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cabrini6285 cabrini6285 is offline
 
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cabrini6285
 
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Help!!
Old 08-07-2016, 12:12 PM
 
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Hi!
I have not been in a brick and mortar classroom for the past five years. I taught online during that time. I know all the spec ed paperwork stuff like the back of my hand....

I was just given a 2nd-3rd emotional support classroom. I have NEVER taught emotional support, let alone face to face. I don't even know where to begin and the kids come next week (late hire).

What should I have in my classroom? any tips? I am SO nervous about this!


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teachsph2008 teachsph2008 is offline
 
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emotional support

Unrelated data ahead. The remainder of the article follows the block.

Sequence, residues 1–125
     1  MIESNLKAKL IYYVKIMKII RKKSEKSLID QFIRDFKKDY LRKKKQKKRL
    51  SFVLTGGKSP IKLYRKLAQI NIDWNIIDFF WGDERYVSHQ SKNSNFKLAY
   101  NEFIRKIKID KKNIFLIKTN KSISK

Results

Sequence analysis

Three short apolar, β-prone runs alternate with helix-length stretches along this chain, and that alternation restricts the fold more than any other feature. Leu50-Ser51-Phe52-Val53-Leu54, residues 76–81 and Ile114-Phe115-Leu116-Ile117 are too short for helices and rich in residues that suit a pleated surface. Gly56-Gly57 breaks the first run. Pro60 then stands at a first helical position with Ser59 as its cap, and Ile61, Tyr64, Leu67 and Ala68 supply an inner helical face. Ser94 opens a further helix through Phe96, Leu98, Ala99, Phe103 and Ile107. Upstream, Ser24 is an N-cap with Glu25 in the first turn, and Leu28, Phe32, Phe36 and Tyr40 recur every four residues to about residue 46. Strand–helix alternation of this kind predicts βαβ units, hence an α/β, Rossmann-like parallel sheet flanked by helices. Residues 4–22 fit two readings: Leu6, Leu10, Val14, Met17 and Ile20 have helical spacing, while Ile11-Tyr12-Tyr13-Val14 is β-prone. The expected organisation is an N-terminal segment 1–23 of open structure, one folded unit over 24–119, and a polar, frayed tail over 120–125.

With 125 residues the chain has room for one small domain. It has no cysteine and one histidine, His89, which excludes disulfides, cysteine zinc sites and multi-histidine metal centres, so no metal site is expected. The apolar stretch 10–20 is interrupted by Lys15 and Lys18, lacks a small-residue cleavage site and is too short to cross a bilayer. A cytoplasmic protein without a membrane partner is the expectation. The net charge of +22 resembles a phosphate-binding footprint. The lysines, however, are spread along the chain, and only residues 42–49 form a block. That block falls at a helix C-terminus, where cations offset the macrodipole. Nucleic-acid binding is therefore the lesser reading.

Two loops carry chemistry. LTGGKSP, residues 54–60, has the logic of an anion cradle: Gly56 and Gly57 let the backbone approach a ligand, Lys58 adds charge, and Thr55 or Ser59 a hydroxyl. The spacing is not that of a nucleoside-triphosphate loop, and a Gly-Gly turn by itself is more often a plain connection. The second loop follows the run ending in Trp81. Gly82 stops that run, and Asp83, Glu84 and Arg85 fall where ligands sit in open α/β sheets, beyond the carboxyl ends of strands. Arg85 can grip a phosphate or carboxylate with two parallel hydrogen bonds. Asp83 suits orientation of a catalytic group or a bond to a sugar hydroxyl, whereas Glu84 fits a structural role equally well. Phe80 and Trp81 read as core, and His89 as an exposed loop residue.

Old 08-07-2016, 02:47 PM
 
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Daily Schedule
Procedures
A system for behavior management (token economy stuff)
-Positive supports
-Consequences
-Rewards
-Rules
IEPs (especially how you will document)
Medical stuff such as allergies
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d0rkablex2 d0rkablex2 is offline
 
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been there...
Old 08-07-2016, 02:49 PM
 
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I've been there!! My third year of teaching I left a nightmare situation in October and started days later in a 2nd/3rd emotional support classroom with only one full day in my classroom to prep, AND I had the flu....so you can do it!! The main things you need to have set-up in advance are routines, procedures, a behavior plan that matches their IEPs/BIPs and/or the program-wide behavior plan (I taught in an ED program that had 5 other classrooms as well), and get everyone who will be working in the classroom on the same page. If you will have paraprofessionals, try to sit down with them ASAP to discuss routines/procedures so everyone will be implementing the same thing AT ALL TIMES. This type of student will instantly catch on to anyone changing the routine/cutting them a little slack and will completely abuse the situation.